- Google Chrome - Internet Explorer - Microsoft Edge - Mozilla Firefox - Safari
Log Out and Log In If the application you’re using has some form of user authentication, the last client-side step to try is to log out and then log back in. If you’ve recently cleared the browser cookies, this should usually log you out automatically the next time you try to load the page, so feel free to just try logging back at this point, to see if things are working once again. Similar to the local cookie issue, the application may be running into a problem with your previous session, which is just a string that the server sends to the client to identify that client during future requests.
Rollback Recent Upgrades If you recently updated the content management system itself just before the 400 Bad Request Error appeared, you may want to consider rolling back to the previous version you had installed when things were working fine. Similarly, any extensions or modules that you may have recently upgraded can also cause server-side issues, so reverting to previous versions of those may also help. For assistance with this task, simply Google “downgrade [PLATFORM_NAME]” and follow along.
Uninstall New Extensions, Modules, or Plugins Depending on the particular content management system your application is using, the exact name of these components will be different, but they serve the same purpose across every system: improving the capabilities and features of the platform beyond what it’s normally capable of out of the box.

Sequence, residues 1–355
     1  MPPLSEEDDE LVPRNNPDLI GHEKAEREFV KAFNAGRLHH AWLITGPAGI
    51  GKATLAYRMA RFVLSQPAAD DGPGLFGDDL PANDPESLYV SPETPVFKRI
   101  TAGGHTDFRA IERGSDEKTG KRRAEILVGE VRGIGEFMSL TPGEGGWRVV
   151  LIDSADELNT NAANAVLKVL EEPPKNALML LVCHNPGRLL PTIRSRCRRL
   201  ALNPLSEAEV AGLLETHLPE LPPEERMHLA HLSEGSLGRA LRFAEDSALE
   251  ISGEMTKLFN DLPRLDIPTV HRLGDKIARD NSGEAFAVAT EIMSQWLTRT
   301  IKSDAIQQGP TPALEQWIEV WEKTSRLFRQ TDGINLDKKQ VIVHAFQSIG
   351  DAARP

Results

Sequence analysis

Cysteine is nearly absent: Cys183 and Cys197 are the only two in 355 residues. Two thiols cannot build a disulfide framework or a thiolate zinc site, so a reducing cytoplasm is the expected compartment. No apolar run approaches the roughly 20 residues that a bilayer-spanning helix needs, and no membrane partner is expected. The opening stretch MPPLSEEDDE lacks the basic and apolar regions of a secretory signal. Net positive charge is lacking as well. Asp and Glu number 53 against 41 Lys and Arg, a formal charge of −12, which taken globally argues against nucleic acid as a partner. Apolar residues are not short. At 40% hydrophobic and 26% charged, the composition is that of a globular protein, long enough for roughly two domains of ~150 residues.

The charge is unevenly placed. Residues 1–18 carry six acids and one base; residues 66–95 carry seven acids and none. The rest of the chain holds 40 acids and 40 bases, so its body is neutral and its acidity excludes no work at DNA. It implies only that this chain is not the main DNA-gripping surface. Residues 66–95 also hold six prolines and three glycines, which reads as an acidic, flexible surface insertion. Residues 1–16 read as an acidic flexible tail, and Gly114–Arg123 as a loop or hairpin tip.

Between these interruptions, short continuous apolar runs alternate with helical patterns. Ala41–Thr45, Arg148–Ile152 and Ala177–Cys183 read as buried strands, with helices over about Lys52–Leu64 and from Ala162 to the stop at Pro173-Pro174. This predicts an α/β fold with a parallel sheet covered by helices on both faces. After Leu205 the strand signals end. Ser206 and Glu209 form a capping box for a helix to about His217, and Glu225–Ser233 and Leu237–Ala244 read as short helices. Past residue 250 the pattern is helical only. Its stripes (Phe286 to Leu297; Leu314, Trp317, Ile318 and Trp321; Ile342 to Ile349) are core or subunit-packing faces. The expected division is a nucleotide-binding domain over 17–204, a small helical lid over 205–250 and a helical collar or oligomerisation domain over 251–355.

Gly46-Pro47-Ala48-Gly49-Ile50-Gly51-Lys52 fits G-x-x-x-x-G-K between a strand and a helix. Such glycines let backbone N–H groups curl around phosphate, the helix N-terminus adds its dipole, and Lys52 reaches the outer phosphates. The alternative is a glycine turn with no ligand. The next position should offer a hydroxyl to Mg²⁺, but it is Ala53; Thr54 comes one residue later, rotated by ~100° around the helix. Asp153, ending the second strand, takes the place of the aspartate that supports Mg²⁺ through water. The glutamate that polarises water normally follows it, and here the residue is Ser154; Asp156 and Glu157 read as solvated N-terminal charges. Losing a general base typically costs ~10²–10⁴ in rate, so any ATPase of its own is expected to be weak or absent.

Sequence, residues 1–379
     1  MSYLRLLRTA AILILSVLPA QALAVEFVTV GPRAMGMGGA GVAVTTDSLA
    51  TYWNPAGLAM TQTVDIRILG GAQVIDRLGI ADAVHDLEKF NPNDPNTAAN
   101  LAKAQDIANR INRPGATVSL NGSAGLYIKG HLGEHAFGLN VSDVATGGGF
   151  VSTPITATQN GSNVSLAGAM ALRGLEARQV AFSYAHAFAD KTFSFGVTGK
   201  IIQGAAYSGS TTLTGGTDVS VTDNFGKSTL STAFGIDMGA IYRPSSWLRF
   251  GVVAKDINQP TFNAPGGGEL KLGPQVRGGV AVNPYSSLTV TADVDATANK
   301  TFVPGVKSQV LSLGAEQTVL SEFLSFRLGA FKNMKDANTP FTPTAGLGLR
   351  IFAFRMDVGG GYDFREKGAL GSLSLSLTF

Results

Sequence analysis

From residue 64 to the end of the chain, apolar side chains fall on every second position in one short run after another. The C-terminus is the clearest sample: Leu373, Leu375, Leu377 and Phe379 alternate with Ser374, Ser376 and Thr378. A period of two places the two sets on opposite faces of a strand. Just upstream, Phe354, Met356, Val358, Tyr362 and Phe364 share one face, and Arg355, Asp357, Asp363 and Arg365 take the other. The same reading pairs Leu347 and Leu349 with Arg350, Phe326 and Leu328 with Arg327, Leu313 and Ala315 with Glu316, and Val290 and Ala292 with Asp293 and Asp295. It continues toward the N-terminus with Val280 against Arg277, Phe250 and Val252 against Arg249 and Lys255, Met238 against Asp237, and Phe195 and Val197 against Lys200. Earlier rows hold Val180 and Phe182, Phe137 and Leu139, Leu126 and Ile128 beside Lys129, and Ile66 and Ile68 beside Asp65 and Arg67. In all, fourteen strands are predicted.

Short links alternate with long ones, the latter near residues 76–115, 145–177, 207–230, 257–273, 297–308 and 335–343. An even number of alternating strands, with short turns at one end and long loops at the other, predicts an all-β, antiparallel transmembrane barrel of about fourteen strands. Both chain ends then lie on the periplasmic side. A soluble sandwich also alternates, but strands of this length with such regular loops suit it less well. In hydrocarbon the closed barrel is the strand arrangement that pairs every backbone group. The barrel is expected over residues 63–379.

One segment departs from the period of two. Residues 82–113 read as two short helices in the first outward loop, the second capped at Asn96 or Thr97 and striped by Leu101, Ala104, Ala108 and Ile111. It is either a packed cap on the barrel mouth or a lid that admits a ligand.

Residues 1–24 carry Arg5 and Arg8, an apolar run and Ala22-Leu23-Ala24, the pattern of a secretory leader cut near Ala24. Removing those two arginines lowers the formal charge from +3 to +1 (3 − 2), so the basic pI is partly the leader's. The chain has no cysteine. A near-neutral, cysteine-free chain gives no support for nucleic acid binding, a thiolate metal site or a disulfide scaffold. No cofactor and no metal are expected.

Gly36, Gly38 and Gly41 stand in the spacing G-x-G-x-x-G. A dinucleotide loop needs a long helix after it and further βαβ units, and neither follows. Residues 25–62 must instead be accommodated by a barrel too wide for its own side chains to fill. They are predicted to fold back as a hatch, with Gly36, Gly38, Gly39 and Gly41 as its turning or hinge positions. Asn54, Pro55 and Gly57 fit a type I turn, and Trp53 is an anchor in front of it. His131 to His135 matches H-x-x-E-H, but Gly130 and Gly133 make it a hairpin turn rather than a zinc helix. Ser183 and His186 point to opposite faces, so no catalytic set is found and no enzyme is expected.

Check for Unexpected Database Changes It’s worth noting that, even if you uninstall an extension through the CMS dashboard, this doesn’t guarantee that changes made by the extension have been fully reverted.
Check for Invalid HTTP Headers This may be tricky for non-developer types, but it’s possible that the 400 Bad Request Error you’re seeing from your own application is a result of missing or invalid custom HTTP headers that your server/web application expects. In such cases, you may be able to analyze the HTTP headers that are sent on the server side and determine if they are invalid or unexpected in some way.
Look Through the Logs Nearly every web application will keep some form of server-side logs. Application logs are typically the history of what the application did, such as which pages were requested, which servers it connected to, which database results it provides, and so forth. Server logs are related to the actual hardware that is running the application, and will often provide details about the health and status of all connected services, or even just the server itself.